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In Honor of Those Who Gave Their Lives
World War I & World War II
Edward H. Robertson Post 76
Curt Jones loved history for a lot of reasons. He saw history as a collection of great stories that can be told and retold. He saw history as a book of lessons to be learned. Most of all, he saw history as an experience that you can keep only if y…
In 1996, with Executive Order 96-06, South Dakota Governor William J. "Bill" Janklow created the Governor's Commission on Fort Sisseton. His action ensured that input from dedicated local individuals, with a knowledge of history and a passion for …
The Coteau des Prairies and glacial lakes region was a wonderful habitat for wildlife. The post surgeon, who also served as the post naturalist, kept records of the wildlife he observed. Through his records, we learn that human interference has ha…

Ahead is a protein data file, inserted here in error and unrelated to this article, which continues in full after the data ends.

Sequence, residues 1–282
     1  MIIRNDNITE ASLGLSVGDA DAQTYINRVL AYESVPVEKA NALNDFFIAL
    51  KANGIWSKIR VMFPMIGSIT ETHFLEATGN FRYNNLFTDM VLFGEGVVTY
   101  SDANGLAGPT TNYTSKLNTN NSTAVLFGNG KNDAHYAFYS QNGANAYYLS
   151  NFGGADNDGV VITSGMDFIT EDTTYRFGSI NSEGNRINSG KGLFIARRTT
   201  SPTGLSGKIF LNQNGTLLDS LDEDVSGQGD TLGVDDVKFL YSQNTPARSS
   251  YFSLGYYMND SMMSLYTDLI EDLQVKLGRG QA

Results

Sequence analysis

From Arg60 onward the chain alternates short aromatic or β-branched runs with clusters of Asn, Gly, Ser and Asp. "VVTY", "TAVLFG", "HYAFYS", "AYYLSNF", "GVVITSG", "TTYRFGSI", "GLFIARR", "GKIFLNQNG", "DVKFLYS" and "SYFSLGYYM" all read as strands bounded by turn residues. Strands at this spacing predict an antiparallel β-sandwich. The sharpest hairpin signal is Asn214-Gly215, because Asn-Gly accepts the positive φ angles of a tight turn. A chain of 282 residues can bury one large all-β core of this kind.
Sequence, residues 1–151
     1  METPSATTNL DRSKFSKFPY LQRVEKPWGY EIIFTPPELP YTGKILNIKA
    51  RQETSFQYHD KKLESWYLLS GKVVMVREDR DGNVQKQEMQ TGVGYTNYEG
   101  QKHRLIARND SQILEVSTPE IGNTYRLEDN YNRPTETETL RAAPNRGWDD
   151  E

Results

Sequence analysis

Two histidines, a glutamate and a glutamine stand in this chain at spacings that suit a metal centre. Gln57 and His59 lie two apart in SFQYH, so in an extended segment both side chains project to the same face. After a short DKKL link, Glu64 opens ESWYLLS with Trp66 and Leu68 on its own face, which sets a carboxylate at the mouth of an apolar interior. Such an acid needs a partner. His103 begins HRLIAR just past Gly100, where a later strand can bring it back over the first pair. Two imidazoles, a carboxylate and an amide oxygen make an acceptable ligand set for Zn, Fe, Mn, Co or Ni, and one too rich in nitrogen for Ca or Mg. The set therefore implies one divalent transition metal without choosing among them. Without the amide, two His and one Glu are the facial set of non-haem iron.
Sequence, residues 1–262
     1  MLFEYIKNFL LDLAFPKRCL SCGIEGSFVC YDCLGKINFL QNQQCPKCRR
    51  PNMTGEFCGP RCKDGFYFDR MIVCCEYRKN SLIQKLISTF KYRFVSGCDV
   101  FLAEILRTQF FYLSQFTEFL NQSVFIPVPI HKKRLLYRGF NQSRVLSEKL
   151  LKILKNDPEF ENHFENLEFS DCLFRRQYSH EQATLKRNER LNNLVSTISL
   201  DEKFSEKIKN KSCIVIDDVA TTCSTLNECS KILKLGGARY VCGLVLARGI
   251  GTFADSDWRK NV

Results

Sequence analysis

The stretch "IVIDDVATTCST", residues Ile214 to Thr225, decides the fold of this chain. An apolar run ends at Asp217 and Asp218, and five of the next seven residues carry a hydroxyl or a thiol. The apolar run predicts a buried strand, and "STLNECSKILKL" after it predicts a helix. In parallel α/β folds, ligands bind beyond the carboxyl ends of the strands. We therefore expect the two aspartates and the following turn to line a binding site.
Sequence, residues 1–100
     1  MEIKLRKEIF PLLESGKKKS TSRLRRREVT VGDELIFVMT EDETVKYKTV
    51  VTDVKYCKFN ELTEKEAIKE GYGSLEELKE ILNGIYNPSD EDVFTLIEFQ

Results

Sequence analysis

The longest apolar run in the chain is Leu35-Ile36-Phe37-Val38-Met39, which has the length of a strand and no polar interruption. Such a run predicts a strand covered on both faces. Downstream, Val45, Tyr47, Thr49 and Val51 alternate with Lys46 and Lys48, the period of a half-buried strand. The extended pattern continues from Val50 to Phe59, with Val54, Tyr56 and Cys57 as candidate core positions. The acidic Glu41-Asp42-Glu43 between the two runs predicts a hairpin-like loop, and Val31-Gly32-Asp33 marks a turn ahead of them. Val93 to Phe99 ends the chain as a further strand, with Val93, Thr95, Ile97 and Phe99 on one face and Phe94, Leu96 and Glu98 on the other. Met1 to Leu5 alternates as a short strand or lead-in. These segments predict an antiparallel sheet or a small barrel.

The log building had a shingled roof and was 145' long and 24' wide. A storage cellar sat under on-third of the building. While large, the building was not well constructed. Rain and snow blew through the roof and damaged supplies.
When the f…
Soldiers spent much of their off duty time playing chess, checkers and card games. Drinking and gambling were commonplace. Stag dances became popular and helped to counteract the loneliness and isolation they experienced at this frontier post.
Living conditions at the Fort were crude. Wood bunks were furnished with wool blankets and mattresses filled with straw. The bunks were uncomfortable and often infested with a variety of unwelcomed guests.
A poor diet of beans, cornmeal and s…
The log buildings along the south side of the fort were used as officers quarters in the early years of the fort. When the brick officers' quarters were completed the log buildings became married enlisted men's and laundress quarters.
During the Roaring Twenties, the Fort was leased for use as a hunting lodge. The hospital became the club room and main gathering place. Sportsmen came to hunt prairie chickens and ducks. For the poor marksmen, and for those who had more interest …
Officers at Fort Wadsworth were assigned and relieved of their commissions with almost monotonous regularity. Some lasted a month or less, while others often returned to their commands.
Andrew often hoped his company would be reassigned t…